Swift For Dummies
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Classes are the heart of any object-oriented programming language. Unlike classes in Objective-C and some other languages, Swift’s classes need no header declaration. Instead, you get the entire class (or structure or enumeration) definition in a format like this:

class MyClass {
 var storedNumber: Int = 0
 init (myNumber storedNumber: Int) {
 self.storedNumber = storedNumber
 }
 func simpleDescription() -> String {
  return String(self.storedNumber)
 }
}
var test = MyClass(myNumber: 15)
println ("myNumber is " + test.simpleDescription());

The code in this example defines a class. Note the following characteristics:

  • It declares a stored property. It is an Int set initially to 0.

  • It creates an initializer that takes an Int as a parameter. The external name is myNumber and the internal name is storedNumber. The initializer sets the class instance value self.storedNumber using the storedNumber parameter (with the external name myNumber).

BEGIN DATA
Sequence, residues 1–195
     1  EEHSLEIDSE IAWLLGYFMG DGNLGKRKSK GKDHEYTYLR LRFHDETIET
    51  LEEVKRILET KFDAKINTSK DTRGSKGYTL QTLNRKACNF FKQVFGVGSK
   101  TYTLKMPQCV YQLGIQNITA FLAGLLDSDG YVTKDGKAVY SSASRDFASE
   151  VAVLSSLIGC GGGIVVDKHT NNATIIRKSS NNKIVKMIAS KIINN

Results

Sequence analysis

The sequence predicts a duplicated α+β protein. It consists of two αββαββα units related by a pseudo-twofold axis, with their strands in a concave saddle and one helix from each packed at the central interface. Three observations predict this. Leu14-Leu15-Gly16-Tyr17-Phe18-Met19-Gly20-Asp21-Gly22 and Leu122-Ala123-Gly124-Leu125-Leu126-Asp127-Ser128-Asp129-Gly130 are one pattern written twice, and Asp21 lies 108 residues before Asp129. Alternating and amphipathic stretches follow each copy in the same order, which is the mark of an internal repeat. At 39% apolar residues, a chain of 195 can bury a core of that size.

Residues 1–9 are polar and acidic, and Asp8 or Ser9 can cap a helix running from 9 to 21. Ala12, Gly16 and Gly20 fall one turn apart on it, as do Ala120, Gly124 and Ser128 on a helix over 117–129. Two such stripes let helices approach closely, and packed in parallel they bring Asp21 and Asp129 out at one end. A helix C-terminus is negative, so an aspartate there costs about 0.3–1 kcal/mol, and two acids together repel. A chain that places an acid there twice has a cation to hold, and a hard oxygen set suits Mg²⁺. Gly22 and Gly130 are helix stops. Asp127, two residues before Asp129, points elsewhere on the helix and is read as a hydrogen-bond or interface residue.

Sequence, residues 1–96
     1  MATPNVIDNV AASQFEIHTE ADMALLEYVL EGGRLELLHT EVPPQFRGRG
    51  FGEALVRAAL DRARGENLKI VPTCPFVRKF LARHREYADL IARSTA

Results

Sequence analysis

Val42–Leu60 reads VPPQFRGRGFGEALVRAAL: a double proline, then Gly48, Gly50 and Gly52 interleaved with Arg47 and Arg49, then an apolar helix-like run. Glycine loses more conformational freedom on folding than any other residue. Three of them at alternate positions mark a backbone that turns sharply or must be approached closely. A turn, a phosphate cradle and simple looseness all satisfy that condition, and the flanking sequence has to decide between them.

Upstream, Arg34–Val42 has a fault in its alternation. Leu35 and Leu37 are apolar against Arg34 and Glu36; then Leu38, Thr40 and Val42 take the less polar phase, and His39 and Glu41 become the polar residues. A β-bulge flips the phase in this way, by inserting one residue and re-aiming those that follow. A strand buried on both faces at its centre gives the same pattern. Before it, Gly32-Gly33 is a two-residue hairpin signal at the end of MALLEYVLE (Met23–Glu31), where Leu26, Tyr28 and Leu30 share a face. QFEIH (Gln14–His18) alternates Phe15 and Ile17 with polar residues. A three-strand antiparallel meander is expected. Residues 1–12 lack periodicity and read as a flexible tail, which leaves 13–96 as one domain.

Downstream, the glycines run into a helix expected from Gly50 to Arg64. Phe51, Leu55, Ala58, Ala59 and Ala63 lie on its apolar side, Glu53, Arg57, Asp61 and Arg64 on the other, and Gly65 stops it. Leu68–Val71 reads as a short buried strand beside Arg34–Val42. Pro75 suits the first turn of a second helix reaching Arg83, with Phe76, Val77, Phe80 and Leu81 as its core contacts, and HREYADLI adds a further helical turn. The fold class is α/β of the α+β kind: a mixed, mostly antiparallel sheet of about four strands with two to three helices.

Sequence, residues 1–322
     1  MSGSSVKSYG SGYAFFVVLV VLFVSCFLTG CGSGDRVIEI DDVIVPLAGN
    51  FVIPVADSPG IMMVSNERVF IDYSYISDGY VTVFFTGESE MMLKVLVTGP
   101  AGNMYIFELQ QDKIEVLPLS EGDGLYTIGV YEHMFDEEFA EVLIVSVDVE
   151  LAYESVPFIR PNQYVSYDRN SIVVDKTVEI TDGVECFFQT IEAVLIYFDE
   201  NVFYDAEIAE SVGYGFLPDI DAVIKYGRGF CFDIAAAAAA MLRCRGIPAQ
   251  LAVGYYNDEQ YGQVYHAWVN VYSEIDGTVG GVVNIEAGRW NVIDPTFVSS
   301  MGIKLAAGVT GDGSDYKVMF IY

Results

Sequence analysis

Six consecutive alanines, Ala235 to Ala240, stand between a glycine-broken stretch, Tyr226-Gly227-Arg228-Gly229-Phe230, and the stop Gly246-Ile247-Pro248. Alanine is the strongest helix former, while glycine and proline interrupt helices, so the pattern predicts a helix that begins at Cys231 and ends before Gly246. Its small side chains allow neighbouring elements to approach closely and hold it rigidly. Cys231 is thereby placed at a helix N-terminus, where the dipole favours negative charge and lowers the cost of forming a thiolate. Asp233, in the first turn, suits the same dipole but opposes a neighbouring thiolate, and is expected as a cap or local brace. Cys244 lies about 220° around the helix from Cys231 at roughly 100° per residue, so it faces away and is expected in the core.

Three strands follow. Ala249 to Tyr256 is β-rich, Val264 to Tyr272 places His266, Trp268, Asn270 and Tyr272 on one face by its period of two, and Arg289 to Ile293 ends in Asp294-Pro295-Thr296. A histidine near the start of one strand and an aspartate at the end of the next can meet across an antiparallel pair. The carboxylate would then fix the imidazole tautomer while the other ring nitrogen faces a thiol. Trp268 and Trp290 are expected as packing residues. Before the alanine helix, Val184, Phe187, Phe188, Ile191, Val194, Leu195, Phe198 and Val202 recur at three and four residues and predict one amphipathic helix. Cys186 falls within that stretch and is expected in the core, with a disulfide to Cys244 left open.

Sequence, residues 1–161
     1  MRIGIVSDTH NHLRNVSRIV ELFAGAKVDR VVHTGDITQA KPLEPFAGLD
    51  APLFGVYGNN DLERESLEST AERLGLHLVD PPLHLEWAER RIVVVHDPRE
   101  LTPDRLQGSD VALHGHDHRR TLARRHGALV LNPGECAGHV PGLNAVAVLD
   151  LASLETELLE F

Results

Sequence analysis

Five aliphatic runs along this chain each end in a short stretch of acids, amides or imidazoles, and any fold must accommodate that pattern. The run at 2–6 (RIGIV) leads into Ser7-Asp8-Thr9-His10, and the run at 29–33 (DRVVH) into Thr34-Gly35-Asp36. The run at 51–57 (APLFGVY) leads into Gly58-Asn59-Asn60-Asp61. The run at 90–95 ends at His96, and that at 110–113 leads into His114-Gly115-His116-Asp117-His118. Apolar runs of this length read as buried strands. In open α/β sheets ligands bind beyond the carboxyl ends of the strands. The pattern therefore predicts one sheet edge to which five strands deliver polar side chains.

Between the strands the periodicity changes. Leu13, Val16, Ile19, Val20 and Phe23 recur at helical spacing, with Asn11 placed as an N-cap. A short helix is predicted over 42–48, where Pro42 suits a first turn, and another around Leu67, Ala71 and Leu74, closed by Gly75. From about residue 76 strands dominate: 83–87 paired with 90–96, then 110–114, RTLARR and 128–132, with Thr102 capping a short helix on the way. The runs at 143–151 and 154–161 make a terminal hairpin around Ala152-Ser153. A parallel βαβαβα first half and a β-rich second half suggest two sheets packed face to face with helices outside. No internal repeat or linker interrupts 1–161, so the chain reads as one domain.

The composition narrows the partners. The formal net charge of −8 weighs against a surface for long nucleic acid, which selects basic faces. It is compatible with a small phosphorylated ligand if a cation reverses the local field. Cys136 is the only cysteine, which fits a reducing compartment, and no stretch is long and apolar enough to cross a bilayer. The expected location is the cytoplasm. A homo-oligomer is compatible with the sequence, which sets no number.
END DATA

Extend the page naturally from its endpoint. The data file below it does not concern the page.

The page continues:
• It declares a function called simpleDescription that returns a String representation of the stored number.

About This Article

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About the book author:

Jesse Feiler is a developer, web designer, trainer, and author. He has worked with mobile devices starting with Apple’s Newton and continuing with the Apple’s iOS and OS X products, including the iPhone and iPad. He is heard regularly on WAMC Public Radio’s The Roundtable.

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